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Evidence of meeting #29 for Human Resources, Skills and Social Development and the Status of Persons with Disabilities in the 41st Parliament, 1st Session. (The original version is on Parliament’s site, as are the minutes.) The winning word was engineering.

A recording is available from Parliament.

On the agenda

MPs speaking

Also speaking

Tracey Leesti  Director, Labour Statistics, Statistics Canada
Marc Lachance  Assistant Director, Labour Statistics, Statistics Canada
Josée Bégin  Director, Centre for Education Statistics, Statistics Canada
Michael McCracken  Chair and Chief Operating Officer, Informetrica Limited
Marie Carter  Chief Operating Officer, Interim Chief Executive Officer, Engineers Canada
Alana Lavoie  Manager, Government Relations, Engineers Canada

4:55 p.m.

Conservative

The Chair Conservative Ed Komarnicki

Thank you for that response.

We'll now move to Mr. Butt.

4:55 p.m.

Conservative

Brad Butt Conservative Mississauga—Streetsville, ON

Thank you, Mr. Chair.

Thank you very much for presenting today and for being here to answer our questions.

Engineering obviously covers a whole bunch of different areas: civil engineering, mechanical engineering, and on and on. Are there certain discipline areas where there is a greater labour shortage or a greater gap in workforce needs? You may have mentioned that in your presentation. Could you be a little bit more specific?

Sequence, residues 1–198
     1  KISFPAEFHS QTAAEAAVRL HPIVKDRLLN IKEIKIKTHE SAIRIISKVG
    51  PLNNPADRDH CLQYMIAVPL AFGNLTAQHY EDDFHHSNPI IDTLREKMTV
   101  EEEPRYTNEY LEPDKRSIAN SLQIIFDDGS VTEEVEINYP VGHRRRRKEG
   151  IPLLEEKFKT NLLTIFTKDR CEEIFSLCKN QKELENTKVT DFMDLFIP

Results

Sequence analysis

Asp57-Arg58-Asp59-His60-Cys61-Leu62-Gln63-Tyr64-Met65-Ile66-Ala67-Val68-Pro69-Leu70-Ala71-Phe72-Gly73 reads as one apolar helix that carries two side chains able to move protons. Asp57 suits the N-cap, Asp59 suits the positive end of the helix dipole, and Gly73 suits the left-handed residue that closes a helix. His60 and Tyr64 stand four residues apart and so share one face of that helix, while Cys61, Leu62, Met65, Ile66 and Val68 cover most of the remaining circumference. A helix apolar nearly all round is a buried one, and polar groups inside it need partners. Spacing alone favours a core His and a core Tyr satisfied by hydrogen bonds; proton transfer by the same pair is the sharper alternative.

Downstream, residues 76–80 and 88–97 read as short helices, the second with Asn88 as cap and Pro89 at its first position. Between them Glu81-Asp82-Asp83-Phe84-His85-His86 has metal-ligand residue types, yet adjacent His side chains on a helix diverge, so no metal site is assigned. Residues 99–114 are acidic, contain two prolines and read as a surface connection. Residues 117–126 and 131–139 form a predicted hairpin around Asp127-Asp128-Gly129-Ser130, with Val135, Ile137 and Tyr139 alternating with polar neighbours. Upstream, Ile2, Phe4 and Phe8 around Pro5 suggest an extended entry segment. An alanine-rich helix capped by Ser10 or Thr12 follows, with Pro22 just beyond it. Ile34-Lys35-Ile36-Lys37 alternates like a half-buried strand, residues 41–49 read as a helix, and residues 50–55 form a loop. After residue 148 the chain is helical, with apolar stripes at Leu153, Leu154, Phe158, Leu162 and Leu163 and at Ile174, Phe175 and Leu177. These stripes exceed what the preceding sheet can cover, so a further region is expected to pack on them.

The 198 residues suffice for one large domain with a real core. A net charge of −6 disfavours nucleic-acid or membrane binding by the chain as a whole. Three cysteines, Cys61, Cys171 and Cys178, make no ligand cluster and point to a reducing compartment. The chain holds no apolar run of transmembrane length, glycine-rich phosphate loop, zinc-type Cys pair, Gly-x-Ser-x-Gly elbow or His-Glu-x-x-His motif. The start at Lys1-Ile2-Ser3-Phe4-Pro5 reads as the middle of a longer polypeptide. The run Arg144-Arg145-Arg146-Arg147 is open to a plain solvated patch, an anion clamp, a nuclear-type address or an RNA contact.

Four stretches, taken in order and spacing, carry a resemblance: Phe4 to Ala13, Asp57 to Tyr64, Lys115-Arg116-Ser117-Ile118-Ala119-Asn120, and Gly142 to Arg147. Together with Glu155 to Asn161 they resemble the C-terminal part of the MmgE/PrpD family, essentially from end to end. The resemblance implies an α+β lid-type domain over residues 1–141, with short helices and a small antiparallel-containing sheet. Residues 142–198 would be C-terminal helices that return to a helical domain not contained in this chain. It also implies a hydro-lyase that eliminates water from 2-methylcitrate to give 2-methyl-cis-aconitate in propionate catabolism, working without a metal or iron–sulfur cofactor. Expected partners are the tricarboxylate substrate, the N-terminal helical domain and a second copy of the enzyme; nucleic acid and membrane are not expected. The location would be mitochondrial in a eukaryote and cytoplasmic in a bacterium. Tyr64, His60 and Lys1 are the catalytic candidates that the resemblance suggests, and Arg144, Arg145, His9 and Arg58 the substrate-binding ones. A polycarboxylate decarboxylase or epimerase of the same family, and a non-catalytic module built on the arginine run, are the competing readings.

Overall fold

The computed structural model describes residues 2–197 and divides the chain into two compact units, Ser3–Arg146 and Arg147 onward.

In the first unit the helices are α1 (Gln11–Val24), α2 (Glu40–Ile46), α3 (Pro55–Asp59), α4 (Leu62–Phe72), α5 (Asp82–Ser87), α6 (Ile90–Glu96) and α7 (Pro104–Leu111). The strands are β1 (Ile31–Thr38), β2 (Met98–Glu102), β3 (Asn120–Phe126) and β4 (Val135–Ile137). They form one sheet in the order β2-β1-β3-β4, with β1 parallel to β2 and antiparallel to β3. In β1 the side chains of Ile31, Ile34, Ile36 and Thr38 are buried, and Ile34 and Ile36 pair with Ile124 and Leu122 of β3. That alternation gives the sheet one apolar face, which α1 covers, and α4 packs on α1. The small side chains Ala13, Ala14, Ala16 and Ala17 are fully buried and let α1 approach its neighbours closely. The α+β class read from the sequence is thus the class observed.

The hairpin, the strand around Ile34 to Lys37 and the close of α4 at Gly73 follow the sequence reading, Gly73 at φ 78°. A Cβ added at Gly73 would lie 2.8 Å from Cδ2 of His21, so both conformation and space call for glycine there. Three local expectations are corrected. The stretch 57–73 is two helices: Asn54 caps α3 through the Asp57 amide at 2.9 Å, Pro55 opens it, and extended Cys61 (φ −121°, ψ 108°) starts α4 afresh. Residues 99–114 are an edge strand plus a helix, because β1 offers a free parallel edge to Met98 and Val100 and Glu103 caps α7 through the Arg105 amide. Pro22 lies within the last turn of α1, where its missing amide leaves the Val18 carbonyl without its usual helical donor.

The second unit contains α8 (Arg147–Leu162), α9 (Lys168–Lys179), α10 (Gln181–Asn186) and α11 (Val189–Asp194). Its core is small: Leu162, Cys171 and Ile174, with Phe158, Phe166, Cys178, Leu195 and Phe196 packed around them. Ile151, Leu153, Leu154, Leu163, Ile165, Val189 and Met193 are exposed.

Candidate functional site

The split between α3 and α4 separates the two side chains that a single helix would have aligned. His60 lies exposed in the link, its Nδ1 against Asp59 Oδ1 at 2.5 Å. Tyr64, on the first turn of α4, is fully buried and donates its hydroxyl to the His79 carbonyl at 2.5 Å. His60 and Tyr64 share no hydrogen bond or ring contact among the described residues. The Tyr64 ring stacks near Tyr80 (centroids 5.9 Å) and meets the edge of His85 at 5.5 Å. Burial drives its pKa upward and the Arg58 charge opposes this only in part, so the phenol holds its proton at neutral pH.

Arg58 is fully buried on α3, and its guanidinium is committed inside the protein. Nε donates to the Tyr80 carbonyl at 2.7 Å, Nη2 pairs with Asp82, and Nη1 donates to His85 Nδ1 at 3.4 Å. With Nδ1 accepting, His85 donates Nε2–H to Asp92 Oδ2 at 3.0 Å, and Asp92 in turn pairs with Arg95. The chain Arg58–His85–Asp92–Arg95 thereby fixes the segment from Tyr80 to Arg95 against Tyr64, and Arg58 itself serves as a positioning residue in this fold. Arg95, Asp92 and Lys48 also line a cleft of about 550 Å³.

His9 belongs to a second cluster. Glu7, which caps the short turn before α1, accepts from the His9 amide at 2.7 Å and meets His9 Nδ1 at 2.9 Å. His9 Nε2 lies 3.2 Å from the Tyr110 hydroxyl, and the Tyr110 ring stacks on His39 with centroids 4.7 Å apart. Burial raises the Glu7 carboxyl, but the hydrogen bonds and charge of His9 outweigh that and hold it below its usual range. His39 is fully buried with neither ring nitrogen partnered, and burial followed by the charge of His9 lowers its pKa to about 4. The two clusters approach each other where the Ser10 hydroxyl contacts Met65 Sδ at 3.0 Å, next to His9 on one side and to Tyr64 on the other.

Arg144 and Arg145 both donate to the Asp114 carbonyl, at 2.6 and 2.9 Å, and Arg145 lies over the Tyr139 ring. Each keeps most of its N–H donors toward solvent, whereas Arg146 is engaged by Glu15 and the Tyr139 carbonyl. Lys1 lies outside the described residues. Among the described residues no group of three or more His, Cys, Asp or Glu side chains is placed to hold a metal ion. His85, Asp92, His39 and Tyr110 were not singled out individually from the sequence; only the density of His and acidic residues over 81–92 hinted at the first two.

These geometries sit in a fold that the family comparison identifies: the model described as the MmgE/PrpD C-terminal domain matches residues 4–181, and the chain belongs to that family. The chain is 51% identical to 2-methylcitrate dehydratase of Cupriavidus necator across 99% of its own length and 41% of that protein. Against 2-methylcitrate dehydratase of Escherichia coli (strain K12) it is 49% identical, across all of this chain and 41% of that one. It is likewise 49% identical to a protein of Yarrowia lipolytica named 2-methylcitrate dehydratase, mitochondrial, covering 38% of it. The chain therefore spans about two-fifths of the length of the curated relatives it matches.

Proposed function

You mentioned, Ms. Carter, that you're a civil engineer. Is there a greater challenge for civil engineers than there is for chemical engineers versus others? Do we have certain areas we should be focusing on where we're having a bigger challenge?

4:55 p.m.

Chief Operating Officer, Interim Chief Executive Officer, Engineers Canada

Marie Carter

My understanding is that it really crosses all disciplines. However, it depends on what area of the country you're looking at. For example, in Alberta and in Newfoundland, where they have a lot of work going on in the gas and oil industry and where they have a lot of construction going on, they're looking for all kinds of engineers.